It is the sort of dilemma that faces many a female president facing perilous political situation at home: Choose to lurch out of the spotlight or bend over backward to manage the damage and save face at home, where voters will judge you on your actions, not your words.
But the choice that Prime Minister Theresa May is facing looks like a crapshoot, full of pitfalls that will make it difficult to do either. That is what most intriguing about the prime minister’s talk of speed bumps and uncertainty, which run through the end of 2019.
By virtue of her scheduled speech to Conservative Party members on Tuesday evening in Birmingham, May can both tout progress in getting an orderly exit from the European Union — and head home without making any enemies. She can keep Brexit high on the agenda without possibly landing on her foot.
But it will take some doing to make a big impression on those already skeptical of her leadership. For example, her description of “difficult decisions” her officials will have to make in the weeks ahead, including thorny subjects like trade and how Britain will finance its exit, will be greeted with barely a murmur. And the sense is that the prime minister has not even tried to satisfy her own critics and secure their support by delivering a higher-profile speech addressing the shortcomings in the Brexit plan she agreed to last week with her Cabinet.
What May has done is effectively take her most confrontational threat out of the plan — that of an alternative deal — while still leaving it on the table, increasing the possibility that the government will leave the EU without a deal, giving Britain an entirely different future that many are wary of. Her speech Tuesday night will, for many, be a sense-maker at best, not a game-changer.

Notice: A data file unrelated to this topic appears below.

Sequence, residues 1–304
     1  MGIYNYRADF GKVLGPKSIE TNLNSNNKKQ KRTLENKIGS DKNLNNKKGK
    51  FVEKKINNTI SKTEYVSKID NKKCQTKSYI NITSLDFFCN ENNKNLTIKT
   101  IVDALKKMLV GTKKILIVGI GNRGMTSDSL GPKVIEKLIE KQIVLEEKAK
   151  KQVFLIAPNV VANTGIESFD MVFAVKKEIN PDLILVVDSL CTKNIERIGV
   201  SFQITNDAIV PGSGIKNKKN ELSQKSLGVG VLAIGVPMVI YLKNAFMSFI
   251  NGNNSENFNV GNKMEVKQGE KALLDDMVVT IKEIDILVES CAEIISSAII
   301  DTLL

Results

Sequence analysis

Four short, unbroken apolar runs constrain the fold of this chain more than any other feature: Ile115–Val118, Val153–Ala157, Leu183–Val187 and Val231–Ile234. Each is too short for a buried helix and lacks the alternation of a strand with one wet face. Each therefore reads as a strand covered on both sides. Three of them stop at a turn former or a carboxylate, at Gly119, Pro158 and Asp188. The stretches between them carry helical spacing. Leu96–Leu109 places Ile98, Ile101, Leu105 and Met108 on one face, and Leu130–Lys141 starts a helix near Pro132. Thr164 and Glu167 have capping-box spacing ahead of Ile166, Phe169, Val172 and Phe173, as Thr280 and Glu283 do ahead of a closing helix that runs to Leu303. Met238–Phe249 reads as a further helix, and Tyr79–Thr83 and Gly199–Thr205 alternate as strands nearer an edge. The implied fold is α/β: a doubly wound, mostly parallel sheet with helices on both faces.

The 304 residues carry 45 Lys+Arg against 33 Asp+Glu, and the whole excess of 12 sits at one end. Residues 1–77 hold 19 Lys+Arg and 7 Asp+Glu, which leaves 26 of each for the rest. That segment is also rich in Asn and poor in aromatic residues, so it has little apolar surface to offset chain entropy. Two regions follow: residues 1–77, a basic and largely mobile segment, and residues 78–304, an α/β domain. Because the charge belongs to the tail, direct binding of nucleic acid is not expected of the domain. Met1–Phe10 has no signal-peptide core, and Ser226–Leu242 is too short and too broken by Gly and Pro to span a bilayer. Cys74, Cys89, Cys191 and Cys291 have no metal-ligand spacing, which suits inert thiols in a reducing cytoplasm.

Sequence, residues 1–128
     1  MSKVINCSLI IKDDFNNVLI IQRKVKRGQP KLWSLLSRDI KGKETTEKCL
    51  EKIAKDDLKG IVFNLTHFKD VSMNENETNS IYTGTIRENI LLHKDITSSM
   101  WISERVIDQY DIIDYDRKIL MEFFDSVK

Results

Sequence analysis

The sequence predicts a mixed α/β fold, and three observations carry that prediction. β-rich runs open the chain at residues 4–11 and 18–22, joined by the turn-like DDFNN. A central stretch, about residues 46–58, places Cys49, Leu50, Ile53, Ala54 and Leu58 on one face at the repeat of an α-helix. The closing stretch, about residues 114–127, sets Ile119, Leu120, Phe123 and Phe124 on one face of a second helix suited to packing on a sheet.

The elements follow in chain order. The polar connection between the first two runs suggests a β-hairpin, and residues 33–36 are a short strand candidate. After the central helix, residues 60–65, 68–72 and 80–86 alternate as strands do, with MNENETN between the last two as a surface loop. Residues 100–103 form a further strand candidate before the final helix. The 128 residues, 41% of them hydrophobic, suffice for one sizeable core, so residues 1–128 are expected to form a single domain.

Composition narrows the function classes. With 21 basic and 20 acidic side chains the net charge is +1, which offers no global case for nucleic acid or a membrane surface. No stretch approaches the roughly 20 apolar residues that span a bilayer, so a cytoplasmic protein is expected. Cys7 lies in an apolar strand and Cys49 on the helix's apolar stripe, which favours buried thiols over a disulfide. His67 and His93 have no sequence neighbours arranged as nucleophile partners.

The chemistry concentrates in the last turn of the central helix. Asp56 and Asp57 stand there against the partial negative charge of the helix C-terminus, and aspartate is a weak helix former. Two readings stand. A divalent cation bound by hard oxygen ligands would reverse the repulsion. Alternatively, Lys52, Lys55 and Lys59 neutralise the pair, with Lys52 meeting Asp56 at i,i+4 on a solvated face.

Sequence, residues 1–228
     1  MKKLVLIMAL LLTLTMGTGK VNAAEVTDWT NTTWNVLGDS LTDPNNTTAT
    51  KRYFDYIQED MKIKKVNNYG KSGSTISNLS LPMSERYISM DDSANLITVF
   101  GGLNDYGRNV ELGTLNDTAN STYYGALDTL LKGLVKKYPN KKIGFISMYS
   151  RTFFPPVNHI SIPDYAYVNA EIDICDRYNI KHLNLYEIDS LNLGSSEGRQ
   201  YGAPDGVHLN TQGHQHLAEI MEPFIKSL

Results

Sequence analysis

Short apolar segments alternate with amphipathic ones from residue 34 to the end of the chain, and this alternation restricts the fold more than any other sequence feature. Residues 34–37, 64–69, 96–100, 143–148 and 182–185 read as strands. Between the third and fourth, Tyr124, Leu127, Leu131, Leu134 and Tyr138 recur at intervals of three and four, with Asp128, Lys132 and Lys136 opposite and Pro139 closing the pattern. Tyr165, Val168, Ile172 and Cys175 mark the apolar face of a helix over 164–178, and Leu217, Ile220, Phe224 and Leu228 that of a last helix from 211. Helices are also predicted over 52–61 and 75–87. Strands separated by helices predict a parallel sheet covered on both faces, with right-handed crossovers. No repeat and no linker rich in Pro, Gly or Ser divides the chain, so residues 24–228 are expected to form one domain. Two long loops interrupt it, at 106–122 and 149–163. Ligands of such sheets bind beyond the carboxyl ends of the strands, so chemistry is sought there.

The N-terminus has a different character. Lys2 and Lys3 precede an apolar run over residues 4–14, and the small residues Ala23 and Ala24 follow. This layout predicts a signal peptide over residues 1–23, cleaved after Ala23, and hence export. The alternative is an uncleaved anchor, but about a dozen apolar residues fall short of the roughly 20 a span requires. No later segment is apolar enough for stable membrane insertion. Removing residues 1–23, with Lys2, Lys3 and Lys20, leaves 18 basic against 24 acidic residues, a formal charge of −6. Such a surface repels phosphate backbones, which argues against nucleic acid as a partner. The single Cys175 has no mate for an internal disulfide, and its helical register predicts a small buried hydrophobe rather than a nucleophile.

Part of the problem is that the government has put little stock in developing a policy on the future of Brexit. For the most part, it seemed to be counting on the BBC Good Friday debate that May was conducting with Michael Gove, the leader of the hard-Brexit wing of the Conservative Party. So after Gove exposed the existence of a “Plan B” called the White Paper, May promptly went into damage-control mode and called an emergency Cabinet meeting.
The last thing May needs is to lose her credibility with the British people or prove herself a leader unable to bring her colleagues together. There has been little need for that. Politically, there is not much she can do but spend more time playing the waiting game, letting what appear to be internal divisions fester further. She has the support of most of her Cabinet. But now, it seems, it is coming down to keeping the fissures from damaging the government, and for the time being at least, that won’t be a big enough task to save her job.
Gove was at the forefront of the effort to torpedo May’s plan for a free-trade deal with the EU, leading the no-deal camp to a decision to endorse a softer plan of a trade deal designed to avoid a disorderly departure. The argument for the softer plan is that Britain is better off leaving the EU with less than a bespoke deal, to be negotiated as and when Brussels mandates it, than staying in the bloc with a semi-mature version of the May agreement. And so, rather than fighting the hard-line Brexiteers — particularly those from the European Research Group, which includes Jacob Rees-Mogg, the senior Brexiteer legislator — May abandoned her plan for a free-trade deal with the EU. Her vice president, Penny Mordaunt, told her supporters at the conference on Monday that the “clock was ticking” to move toward “the next stage of negotiations.”